But as your new boots break in or "pack out," they will become roomier. For wide boots, the best way to find the right pair is to learn your last size and then find a boot with a matching last.

Some boots like the Atomic Hawx Prime are also made to accommodate a higher instep. Other boots have higher or lower arches, narrow or wide forefoot (or toe box), and different calf shapes.

So there’s a lot more to finding comfortable ski boots than just the right boot size. Heat molding will adjust some of these measurements more than others. For example, wide calves are easy to work around through molding, where foot length (boot size) is not.

Discipline

Are you skiing only at the resort? In the backcountry? Are you more focused on the uphill than the downhill?

These are all questions you need to think about. Downhill boots have the fewest features, and are the heaviest. Touring boots are lighter, and have a release-able "walk mode" for moving uphill. They also often have divots in the toe piece to conform with technical pin bindings.

Stiffness

Usually, if you're going faster, you want a stiffer boot. Stiff boots let you lean forward harder while supporting your weight. Heavier skiers will also prefer stiffer boots. Freestyle boots are the exception to this rule. Many freestyle or park skiers prefer a softer, more forgiving boot flex.

Flex ratings are measured on a scale of 0-130, with 130 being the stiffest. But flex ratings vary between brands.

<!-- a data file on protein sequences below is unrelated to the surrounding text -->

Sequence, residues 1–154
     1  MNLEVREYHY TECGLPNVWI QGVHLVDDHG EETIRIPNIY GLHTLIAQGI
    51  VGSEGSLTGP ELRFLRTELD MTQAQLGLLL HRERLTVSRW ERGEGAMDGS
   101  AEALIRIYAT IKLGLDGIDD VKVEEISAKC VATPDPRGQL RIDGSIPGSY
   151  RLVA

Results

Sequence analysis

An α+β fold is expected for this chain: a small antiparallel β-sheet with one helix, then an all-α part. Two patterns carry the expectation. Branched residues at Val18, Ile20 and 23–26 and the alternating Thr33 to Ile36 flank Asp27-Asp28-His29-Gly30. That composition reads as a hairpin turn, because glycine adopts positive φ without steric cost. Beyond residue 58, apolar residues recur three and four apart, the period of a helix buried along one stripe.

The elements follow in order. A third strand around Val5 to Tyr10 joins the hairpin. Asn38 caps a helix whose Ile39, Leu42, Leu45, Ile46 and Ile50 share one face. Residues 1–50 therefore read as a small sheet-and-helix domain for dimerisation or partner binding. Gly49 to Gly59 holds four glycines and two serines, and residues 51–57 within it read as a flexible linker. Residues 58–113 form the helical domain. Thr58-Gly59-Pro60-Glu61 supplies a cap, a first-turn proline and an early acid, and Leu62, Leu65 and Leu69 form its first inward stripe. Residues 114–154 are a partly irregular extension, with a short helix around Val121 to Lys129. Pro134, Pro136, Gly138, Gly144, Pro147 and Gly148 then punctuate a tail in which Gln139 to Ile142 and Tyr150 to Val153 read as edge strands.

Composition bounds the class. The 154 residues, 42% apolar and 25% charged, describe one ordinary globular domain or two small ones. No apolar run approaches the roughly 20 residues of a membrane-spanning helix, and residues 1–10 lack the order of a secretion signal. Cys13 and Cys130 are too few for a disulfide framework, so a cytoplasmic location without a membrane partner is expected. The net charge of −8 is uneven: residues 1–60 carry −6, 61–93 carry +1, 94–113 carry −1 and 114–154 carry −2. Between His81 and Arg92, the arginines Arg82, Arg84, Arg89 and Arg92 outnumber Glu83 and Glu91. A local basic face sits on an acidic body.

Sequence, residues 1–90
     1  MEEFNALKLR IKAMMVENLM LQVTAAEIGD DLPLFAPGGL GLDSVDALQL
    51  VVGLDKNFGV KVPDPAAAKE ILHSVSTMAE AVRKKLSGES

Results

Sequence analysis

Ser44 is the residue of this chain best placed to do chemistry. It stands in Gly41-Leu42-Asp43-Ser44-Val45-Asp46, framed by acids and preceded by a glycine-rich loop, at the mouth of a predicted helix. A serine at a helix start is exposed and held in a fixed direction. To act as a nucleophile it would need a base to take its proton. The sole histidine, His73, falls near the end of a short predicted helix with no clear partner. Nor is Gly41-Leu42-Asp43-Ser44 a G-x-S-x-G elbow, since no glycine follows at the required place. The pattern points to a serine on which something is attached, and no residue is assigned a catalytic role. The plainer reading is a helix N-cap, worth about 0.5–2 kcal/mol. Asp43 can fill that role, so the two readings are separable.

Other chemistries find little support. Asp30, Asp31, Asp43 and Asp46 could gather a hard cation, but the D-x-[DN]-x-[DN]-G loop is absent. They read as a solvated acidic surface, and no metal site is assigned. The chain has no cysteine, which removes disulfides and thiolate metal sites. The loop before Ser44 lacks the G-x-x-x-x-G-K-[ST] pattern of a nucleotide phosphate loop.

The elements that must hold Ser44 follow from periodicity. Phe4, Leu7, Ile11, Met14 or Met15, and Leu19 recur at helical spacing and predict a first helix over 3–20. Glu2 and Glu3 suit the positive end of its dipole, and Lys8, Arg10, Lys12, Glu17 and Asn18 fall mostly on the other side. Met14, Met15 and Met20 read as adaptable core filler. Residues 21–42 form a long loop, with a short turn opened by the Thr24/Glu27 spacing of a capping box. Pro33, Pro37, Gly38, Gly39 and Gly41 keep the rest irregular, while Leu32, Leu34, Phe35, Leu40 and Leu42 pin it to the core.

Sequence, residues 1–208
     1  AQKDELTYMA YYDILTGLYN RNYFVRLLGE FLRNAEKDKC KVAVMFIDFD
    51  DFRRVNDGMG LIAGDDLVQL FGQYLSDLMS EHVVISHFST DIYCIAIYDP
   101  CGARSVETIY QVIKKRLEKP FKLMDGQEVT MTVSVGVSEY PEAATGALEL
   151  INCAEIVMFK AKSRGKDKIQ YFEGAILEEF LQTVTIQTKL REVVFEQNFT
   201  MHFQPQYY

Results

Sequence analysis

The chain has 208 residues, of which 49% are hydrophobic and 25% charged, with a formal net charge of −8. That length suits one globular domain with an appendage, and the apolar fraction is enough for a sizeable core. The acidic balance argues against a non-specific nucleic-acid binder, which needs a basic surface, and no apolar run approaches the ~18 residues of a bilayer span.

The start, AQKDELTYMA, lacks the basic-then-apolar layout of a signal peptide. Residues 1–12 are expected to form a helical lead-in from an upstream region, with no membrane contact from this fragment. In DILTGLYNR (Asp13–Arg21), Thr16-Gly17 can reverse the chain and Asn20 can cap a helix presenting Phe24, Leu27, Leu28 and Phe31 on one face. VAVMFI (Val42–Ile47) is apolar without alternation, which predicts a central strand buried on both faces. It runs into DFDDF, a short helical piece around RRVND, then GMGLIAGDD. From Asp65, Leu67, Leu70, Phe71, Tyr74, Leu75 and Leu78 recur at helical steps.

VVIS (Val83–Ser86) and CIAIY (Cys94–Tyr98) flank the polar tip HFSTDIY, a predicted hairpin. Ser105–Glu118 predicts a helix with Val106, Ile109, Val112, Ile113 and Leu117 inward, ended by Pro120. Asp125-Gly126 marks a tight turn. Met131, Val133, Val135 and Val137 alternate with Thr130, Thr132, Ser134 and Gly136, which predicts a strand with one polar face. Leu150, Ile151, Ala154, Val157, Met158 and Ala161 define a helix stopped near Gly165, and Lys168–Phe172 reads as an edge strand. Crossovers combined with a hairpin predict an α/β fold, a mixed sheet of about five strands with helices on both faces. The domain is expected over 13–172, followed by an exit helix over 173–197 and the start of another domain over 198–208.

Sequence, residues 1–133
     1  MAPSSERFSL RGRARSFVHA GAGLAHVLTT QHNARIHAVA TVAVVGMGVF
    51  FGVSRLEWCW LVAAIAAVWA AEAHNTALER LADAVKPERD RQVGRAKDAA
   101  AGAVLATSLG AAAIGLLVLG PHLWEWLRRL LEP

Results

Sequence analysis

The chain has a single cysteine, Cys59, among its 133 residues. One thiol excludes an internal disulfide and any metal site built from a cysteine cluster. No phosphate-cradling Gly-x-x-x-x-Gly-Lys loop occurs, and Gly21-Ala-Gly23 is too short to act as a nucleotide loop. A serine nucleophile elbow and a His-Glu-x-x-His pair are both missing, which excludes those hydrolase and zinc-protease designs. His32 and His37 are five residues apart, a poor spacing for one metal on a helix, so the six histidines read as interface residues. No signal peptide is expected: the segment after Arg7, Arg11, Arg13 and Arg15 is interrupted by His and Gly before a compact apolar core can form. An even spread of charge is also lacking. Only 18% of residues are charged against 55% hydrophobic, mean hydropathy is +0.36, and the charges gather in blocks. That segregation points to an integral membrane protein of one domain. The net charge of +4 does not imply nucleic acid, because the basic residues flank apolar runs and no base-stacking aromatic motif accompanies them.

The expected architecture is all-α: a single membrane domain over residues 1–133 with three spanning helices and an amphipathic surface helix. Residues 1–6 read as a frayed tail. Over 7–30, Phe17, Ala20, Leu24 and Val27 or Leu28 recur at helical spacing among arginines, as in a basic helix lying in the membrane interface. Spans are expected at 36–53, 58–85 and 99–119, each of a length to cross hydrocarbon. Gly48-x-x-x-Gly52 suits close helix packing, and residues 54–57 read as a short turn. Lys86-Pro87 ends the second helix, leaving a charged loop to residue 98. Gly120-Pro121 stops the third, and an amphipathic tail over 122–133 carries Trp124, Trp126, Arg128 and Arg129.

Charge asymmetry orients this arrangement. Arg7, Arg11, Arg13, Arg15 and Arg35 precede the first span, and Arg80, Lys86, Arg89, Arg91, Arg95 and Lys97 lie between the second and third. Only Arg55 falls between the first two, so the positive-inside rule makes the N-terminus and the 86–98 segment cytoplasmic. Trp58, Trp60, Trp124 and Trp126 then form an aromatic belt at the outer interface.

That is to say, an Atomic boot with a flex rating of 120 may be softer than a Dynafit with a 120 flex. It's not a hard metric for comparing boots, but more of a rough reference of how stiff or flexible a boot is.

Reputable Ski Boot Brands

There are many brands that make ski boots. Some brands stick to certain disciplines within skiing. For example, Full Tilt is primarily a freestyle boot company. La Sportiva and Scarpa make boots for touring and ski mountaineering.

Others like Dynafit, K2, Nordica, Lange, Dalbello, Atomic, and Salomon make lots of different kinds of boots. All these brands are reputable and make high-quality boots.

Working With A Boot Fitter

You should not buy boots based entirely on what you see online. Finding the right fit takes too much tweaking to get right without trying them on. So when in doubt, go to your local ski shop and talk to a boot fitter.

Boot fitters can help you find a boot with a fit that works. They can also mold your boot's liners and shells to dial the fit even further.

Summary 

We find the best pair of wide ski boots for beginners and intermediates is the K2 BFC 100.

The best wide boot for aggressive downhill skiing is the Atomic Hawx Prime.

For ski touring, the Dynafit Hoji Free 130 is the best wide boot.

For beginners with wide feet on a budget, the Dalbello DS MX 75 is the best.

Common questions

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I consider myself a citizen of the West. Currently residing in my hometown, Salt Lake City, Utah. Between my career as a wildlife biologist and my many outdoor hobbies (mountaineering, skiing, backpacking, climbing, canyoneering, caving), I’ve seen just about every nook and cranny of the Wild, Weird West.

*The information on this site is based on research and first-hand experience but should not be treated as medical advice. Before beginning any new activity, we recommend consulting with a physician, nutritionist or other relevant professional healthcare provider.